GREENFIELD — A woman who smuggled drugs into the Hancock County Jail and shared them with 15 of her fellow inmates — landing them all on a 30-day lockdown inside the facility — will serve three years in prison as punishment for her actions, officials say.
Kayla Lloyd-Spittle, 30, of Indianapolis, recently pleaded guilty in Hancock County Superior Court 1 to one Level 4 felony count of dealing a schedule 3 controlled substance.
The plea comes as part of a plea agreement with prosecutors. The deal called for the defendant to serve a total of seven years, Prosecutor John Keiffner said. The first three years will be spent in an Indiana Department of Correction facility, followed immediately by four years on probation, he said.
Lloyd-Spittle was booked into the jail Aug. 10 to serve a two-year sentence after pleading guilty to several drug-related charges in an unrelated case. She was searched during the routine book-in process but managed to smuggle a bag containing drugs past jail officers, officials said.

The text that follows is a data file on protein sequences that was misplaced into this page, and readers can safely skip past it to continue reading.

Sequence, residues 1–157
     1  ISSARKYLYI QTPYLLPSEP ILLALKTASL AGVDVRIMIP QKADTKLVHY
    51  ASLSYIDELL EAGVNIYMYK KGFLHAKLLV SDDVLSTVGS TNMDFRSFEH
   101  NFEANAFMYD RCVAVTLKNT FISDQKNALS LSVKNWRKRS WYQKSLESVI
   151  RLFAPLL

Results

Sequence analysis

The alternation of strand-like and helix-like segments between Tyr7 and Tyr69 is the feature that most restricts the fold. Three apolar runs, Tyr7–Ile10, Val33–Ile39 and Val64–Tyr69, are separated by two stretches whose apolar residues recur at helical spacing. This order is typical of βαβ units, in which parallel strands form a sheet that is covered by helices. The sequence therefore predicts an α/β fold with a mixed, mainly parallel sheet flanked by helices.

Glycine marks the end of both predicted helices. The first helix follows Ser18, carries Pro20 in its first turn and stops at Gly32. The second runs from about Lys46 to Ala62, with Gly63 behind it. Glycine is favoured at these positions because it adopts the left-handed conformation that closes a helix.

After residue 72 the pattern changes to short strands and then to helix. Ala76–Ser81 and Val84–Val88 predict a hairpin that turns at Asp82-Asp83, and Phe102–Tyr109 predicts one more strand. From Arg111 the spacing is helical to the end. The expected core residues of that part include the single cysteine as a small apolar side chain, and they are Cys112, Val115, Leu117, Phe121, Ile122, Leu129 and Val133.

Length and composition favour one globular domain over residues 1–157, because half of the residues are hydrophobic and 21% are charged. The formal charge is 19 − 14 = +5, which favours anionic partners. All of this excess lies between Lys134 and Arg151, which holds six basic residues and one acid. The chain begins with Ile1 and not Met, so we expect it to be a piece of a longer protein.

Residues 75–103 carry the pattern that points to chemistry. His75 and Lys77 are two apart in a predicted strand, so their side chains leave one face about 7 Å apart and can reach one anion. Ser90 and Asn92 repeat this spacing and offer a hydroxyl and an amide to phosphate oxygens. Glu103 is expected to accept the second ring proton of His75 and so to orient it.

A woman sharing the cellblock with Lloyd-Spittle came forward two days later to tell officers she’d seen her and about a dozen of her fellow detainees using drugs, according to a jail incident report.
Fifteen women in addition to Lloyd-Spittle were questioned and drug-tested, officials said. Each failed the drug test; their screens came back positive for narcotics and methamphetamine, according to jail reports.
Lloyd-Spittle immediately admitted when jail officers questioned her that she’d shared drugs with other inmates. At the time, she willingly handed over a clear plastic baggy containing a few more pills she’d been saving for later use, reports state.
Lloyd-Spittle and the 15 other inmates involved in the incident — who together made up half the population of their cellblock — were punished per jail protocols, officials said.
Each was placed in 30-day lockdown, confined to their 7-by-12 foot cells for 23 hours a day for a month. They were allowed to spend an hour a day visiting with other inmates in the larger common area of their cellblock. Their visitation hours and access to commissary items were also limited, official said.
Jail officers pursued additional charges against Lloyd-Spittle, turning their reports over to the prosecutor’s office. And about a week after the incident, prosecutors filed two felony counts against the woman.
She faced one Level 4 felony count of dealing a controlled substance and one Level 5 felony count of prisoner possession of a dangerous device or material.
The second charge was dropped as part of the plea agreement with prosecutors, Keiffner said.